Flywheel storage is an energy storage method based on mechanical inertia. A heavy rotating disk is accelerated by an electric motor, which acts as a generator on reversal, slowing down the disk and producing electricity. Electricity is stored as the kinetic energy of the disk.
Friction must be kept to a minimum to prolong the storage time. This is often achieved by placing the flywheel in a vacuum and using magnetic bearings, tending to make the method expensive. Larger flywheel speeds allow greater storage capacity but require strong materials such as steel or composite materials to resist the centrifugal forces (or rather, to provide centripetal forces). The use of carbon nanotubes as a flywheel material is being researched. The ranges of power and energy storage technically and economically achievable, however, tend to make flywheels unsuitable for general power system application; they are probably best suited to load-levelling applications on railway power systems.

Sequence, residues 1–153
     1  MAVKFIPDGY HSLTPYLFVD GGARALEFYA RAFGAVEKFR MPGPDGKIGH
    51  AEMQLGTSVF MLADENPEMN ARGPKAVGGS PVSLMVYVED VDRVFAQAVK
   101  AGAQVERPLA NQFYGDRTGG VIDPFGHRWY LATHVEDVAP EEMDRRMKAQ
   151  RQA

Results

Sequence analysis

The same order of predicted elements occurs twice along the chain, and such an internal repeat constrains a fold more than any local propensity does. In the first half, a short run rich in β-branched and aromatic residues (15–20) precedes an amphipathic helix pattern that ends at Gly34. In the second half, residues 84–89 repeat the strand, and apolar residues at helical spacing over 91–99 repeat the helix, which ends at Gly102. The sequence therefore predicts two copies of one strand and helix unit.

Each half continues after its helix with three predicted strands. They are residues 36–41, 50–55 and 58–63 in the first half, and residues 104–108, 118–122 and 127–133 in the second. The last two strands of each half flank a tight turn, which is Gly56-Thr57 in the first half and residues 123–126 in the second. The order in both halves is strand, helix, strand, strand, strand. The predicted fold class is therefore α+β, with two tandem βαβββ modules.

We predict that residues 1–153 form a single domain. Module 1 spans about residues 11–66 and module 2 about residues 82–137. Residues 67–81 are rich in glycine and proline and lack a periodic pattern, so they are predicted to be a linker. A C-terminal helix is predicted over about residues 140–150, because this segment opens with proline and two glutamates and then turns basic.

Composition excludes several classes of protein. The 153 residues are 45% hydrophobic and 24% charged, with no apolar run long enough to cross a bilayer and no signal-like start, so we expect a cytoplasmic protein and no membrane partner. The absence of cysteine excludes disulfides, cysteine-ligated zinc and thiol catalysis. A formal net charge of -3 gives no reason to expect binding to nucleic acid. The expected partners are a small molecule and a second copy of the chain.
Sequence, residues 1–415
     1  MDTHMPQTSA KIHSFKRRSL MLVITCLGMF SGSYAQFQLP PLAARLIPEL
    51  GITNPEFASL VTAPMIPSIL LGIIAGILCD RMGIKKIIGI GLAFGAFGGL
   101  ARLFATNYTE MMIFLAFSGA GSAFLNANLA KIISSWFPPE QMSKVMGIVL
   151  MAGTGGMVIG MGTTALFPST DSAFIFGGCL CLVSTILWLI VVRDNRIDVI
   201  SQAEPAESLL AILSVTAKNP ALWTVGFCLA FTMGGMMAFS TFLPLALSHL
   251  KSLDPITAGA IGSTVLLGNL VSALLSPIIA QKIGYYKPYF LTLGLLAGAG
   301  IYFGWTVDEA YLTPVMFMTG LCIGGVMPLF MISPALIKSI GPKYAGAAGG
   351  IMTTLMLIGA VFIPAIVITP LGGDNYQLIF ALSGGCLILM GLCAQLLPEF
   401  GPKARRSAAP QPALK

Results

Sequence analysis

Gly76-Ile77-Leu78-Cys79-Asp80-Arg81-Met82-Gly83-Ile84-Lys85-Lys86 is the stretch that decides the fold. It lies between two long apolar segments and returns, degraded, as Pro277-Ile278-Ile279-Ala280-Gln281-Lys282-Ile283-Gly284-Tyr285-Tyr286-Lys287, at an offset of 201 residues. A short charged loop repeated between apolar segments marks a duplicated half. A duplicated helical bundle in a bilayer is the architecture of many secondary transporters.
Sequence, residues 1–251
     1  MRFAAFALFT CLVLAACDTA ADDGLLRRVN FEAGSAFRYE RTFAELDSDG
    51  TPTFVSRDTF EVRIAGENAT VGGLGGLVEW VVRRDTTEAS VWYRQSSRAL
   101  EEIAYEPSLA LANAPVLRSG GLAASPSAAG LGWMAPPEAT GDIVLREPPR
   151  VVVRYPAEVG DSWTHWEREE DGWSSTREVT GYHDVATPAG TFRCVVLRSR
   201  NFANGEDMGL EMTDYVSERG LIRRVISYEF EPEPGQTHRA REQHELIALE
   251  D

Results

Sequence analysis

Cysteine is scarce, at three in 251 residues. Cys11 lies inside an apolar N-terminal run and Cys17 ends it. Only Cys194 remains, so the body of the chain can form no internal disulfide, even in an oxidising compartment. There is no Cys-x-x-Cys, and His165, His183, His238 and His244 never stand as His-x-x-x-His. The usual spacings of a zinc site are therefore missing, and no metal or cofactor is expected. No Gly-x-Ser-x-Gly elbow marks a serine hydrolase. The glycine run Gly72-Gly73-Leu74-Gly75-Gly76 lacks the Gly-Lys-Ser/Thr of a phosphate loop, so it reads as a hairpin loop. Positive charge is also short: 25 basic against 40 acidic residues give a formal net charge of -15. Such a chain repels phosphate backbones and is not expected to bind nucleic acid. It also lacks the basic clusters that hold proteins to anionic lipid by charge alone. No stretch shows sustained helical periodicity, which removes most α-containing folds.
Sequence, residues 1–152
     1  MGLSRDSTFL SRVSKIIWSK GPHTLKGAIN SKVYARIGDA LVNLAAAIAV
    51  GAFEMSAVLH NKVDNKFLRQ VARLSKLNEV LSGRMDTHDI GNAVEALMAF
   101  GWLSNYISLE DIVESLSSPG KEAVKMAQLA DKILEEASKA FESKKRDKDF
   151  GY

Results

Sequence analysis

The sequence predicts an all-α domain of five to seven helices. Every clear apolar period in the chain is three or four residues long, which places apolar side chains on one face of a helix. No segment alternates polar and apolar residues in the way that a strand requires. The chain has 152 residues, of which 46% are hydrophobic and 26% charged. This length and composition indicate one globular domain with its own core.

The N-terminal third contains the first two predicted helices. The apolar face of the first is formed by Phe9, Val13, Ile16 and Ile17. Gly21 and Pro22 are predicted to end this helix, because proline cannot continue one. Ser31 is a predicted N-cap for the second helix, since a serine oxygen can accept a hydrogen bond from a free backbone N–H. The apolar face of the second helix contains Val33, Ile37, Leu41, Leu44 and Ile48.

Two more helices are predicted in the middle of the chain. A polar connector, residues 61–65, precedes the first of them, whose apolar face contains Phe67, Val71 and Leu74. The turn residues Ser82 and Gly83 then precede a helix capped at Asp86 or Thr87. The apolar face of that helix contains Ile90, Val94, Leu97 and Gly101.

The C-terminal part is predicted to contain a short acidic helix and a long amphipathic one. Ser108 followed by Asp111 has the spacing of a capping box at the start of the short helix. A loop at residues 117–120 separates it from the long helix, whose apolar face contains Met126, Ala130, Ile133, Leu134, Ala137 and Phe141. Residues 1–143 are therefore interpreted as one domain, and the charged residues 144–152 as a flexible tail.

High-temperature superconducting flywheels (funded by DOE) are currently under development. Such systems would offer inherent stability, minimal power loss, and simplicity of operation as well as increased energy storage capacity.